Biku (Seminyak) - Are you celiac? Have you ever experienced afternoon high tea? Head to Biku for an awesome introduction to it. The bread they get is soft, fluffy and moist, and they put it to great use in traditional British finger sandwiches - cucumber, smoked salmon with cream cheese and ham with mustard. They’ll also serve up a smattering of other sweets and savouries, all very good, and pair it with your choice of dozens of teas from around the world.
Sarong (Seminyak) - We resisted this place because the menu looks like it couldn’t possibly work. There’s Thai, Indian, Sri Lankan and Indonesian food all on the same menu, but everything we got here was delicious. It’s a bit pricey, but really great value for what you get. The massaman curried beef cheek was exceptional.
Arang (Ubud) - This was our first taste of Indonesia and we were pretty blown away. We walked in on a whim and ordered minced chicken sates with green bean salad and yellow rice as well as pork belly sate with water spinach and turmeric rice cakes. The minced chicken was great, served speared on a stalk of lemongrass, but the pork belly really stood out. The water spinach was cooked with chilies and spices and the rice cakes had a great chew to complement the pork belly. Taken all together it was the perfect bite.
Bali Buda (Ubud) - This health-oriented café in Ubud does something fairly rare for the genre: they also serve meat. While we’re traveling we often dream of healthy, vegetable-forward meals, but the reality is that the majority of healthy restaurants we find are vegetarian only. Don’t get us wrong, we’re happy to eat vegetarian, but so many vegetarian restaurants get a pass from customers because it’s good “for vegetarian”. Instead, this place is just good.
Mediterranea (Yogyakarta) - Duck confit for $7 Canadian? Sign us up! It might seem weird to eat French, Italian and Greek food in the middle of Java, but we were told repeatedly by the locals in Yogyakarta that this is the best restaurant in the city. We haven’t tried every restaurant, but from what we sampled we’re pretty confident that they’re right.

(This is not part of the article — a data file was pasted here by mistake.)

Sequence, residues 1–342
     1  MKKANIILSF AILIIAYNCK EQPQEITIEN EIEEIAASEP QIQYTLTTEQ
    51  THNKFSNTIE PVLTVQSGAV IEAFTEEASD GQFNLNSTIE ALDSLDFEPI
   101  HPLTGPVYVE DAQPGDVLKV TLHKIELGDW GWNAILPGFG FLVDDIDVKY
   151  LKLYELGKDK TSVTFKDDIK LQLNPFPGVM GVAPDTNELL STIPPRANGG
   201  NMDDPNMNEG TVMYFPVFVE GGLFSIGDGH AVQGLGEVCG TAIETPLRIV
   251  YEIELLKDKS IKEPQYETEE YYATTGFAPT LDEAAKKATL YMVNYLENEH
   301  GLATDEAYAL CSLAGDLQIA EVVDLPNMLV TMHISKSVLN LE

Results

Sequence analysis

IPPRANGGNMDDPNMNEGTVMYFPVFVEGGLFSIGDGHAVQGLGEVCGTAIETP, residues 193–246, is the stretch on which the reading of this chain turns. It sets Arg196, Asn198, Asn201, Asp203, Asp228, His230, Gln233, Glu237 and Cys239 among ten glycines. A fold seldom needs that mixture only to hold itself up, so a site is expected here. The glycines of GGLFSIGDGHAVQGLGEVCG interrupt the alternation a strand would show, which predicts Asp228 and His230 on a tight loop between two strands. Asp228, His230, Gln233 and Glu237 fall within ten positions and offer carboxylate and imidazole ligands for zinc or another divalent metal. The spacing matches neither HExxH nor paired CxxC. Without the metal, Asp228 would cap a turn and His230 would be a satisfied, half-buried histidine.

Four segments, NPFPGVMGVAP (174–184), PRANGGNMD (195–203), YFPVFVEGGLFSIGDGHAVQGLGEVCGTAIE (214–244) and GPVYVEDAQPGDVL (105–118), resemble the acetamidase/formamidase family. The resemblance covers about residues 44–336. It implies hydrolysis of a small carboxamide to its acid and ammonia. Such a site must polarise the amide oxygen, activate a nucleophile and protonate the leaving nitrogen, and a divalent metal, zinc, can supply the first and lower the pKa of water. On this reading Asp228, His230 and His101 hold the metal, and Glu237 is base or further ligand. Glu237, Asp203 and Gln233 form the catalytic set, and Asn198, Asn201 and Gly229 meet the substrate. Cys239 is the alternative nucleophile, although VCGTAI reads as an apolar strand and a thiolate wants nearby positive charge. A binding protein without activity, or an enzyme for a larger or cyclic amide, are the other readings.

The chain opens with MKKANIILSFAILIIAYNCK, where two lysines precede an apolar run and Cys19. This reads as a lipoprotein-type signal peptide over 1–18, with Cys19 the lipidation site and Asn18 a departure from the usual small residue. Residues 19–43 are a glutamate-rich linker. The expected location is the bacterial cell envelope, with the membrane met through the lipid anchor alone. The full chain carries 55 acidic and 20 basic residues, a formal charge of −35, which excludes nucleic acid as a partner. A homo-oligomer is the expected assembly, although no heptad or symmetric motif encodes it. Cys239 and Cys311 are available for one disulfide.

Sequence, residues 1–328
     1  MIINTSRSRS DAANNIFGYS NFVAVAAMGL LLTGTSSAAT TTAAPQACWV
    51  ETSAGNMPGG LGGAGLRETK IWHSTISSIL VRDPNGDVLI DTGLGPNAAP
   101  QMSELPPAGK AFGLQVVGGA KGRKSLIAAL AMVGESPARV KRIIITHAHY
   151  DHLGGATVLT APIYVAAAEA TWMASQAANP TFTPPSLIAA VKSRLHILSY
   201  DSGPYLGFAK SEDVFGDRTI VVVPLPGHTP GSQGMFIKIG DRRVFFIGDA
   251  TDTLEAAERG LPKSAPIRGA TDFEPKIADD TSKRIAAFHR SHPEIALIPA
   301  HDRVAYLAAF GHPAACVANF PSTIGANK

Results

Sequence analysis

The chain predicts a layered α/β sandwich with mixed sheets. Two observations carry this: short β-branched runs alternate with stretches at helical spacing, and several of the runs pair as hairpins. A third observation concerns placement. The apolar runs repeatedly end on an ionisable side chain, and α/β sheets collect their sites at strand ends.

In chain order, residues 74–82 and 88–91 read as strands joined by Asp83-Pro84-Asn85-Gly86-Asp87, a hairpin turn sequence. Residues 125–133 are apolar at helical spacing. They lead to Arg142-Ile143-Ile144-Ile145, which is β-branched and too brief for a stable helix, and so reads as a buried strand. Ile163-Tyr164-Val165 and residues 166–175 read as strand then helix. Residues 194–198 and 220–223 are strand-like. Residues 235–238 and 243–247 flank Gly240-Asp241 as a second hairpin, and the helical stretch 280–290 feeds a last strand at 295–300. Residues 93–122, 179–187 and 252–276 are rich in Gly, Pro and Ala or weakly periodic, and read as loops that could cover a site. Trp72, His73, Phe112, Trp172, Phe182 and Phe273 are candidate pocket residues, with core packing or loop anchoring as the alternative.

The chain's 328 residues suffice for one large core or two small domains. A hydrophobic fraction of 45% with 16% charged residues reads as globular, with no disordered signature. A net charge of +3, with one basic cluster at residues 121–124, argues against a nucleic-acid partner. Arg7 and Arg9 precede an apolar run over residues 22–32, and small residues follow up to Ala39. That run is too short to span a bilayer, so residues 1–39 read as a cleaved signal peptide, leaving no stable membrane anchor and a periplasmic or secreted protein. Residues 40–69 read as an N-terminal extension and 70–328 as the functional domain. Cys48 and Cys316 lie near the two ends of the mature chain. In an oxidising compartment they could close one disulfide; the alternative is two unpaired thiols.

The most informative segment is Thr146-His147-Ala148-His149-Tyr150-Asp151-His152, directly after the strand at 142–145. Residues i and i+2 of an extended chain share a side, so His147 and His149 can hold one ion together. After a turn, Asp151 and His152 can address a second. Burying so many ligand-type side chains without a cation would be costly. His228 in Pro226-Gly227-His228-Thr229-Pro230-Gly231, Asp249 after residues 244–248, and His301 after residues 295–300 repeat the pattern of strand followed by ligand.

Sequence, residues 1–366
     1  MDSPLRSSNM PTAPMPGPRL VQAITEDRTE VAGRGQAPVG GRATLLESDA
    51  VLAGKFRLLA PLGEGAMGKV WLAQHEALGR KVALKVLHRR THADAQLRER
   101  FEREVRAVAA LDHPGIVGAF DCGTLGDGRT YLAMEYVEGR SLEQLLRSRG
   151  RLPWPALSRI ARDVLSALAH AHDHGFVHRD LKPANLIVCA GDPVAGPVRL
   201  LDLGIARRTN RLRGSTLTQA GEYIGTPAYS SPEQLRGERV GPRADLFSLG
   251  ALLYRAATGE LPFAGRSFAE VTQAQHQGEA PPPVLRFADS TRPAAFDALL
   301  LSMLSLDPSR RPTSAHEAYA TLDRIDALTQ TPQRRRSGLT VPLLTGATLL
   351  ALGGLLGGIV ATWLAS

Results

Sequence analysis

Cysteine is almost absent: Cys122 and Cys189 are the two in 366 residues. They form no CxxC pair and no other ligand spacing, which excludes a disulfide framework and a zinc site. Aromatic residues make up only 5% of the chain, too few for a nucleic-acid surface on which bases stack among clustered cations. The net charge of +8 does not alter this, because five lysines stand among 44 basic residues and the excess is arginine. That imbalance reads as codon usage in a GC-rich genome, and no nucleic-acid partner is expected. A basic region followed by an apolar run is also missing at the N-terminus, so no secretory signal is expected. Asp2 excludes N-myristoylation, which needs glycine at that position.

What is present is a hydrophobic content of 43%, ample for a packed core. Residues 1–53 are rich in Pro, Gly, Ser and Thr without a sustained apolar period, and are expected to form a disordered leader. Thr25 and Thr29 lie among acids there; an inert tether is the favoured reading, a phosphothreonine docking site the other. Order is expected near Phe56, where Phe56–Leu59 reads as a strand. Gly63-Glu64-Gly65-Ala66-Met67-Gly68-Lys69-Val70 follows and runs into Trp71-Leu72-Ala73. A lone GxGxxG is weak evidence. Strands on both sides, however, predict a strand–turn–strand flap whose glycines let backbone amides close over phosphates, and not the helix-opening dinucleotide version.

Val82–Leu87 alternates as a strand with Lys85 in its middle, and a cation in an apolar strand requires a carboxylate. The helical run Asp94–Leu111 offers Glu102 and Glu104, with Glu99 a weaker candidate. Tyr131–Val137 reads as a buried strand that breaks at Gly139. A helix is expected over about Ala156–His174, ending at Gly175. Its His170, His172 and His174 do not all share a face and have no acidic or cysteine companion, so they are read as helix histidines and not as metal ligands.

Sambal SS (Yogyakarta) - The food here is pretty standard - fried this, grilled that, scarce vegetables - but the range of sambals offered is pretty stunning. There are something like 40 different sambals you can get to customize your meal. Just make sure you ask for mild unless you can really handle your spice - we got medium and left with sweat dripping off our faces.
Any beef rendang from any Padang place (Down the street from you) - Padang food is the most famous of all Indonesian regional foods and you can find it literally everywhere. We never had a bad meal at a Padang restaurant, though we’ve heard that it’s much much better in Padang itself. Another reason to come back one day!
Dewa and Jero’s Cooking Class - Possibly the best class we’ve taken. The setting of this cooking class can’t be beat, the instructors are great and the food is delicious. Check out our full review here.
Giant swing - At $20 USD per person, this swing is not cheap, but it’s definitely worthwhile. This is a super exhilarating swing, just make sure you look down at the end!
Western food in Seminyak - See our recommendations above. We were so happy to find quality, healthy Western food after two months abroad and the options available in Seminyak turned out to be one of the biggest highlights of our trip to Bali.
Borobudur - This place is a photographer’s dream. We’re a bit skeptical of sunrise trips since it exhausts us for the rest of the day, but this one was completely worth it. The temple is circular, so you can walk around while the sun is rising and snap photos of different angles with different lighting. The bell-shaped structures also make it relatively easy to hide other tourists behind for unobstructed shots. Well worth the groggy afternoon.
Matakami - Our favourite Airbnb, and not because of the property or amenities (though the outdoor bamboo shower was pretty awesome). This place is all about the people behind it, Satria and Luise. They’re excellent hosts and welcomed us to Yogyakarta with open arms.
Hanging with the guys at Sadé - This one was only made possible by our excellent hosts above. Sadé is Satria’s new project, an open air restaurant inside of his friend’s hostel, and through Satria we were able to spend a few days cooking with the chefs at Sadé. It was a great way to learn more about Indonesian food and really refreshing to flex our culinary muscles again.